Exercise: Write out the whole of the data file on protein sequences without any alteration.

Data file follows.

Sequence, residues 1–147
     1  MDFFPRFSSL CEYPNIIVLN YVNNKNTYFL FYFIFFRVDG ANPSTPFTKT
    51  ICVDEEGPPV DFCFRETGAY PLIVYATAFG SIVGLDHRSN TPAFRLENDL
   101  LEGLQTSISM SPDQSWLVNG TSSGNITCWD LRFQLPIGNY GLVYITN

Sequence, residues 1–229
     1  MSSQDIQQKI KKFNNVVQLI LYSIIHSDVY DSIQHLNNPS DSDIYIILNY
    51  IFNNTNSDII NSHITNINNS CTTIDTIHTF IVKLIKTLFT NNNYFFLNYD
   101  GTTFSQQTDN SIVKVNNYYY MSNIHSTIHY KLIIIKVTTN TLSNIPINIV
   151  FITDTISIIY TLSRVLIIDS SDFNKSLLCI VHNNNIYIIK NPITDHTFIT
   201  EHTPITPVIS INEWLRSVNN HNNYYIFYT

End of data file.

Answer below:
Sequence, residues 1–147
     1  MDFFPRFSSL CEYPNIIVLN YVNNKNTYFL FYFIFFRVDG ANPSTPFTKT
    51  ICVDEEGPPV DFCFRETGAY PLIVYATAFG SIVGLDHRSN TPAFRLENDL
   101  LEGLQTSISM SPDQSWLVNG TSSGNITCWD LRFQLPIGNY GLVYITN

Sequence, residues 1–229
     1  MSSQDIQQKI KKFNNVVQLI LYSIIHSDVY DSIQHLNNPS DSDIYIILNY
    51  IFNNTNSDII NSHITNINNS CTTIDTIHTF IVKLIKTLFT NNNYFFLNYD
   101  GTTFSQQTDN SIVKVNNYYY MSNIHSTIHY KLIIIKVTTN TLSNIPINIV
   151  FITDTISIIY TLSRVLIIDS SDFNKSLLCI VHNNNIYIIK NPITDHTFIT
   201  EHTPITPVIS INEWLRSVNN HNNYYIFYT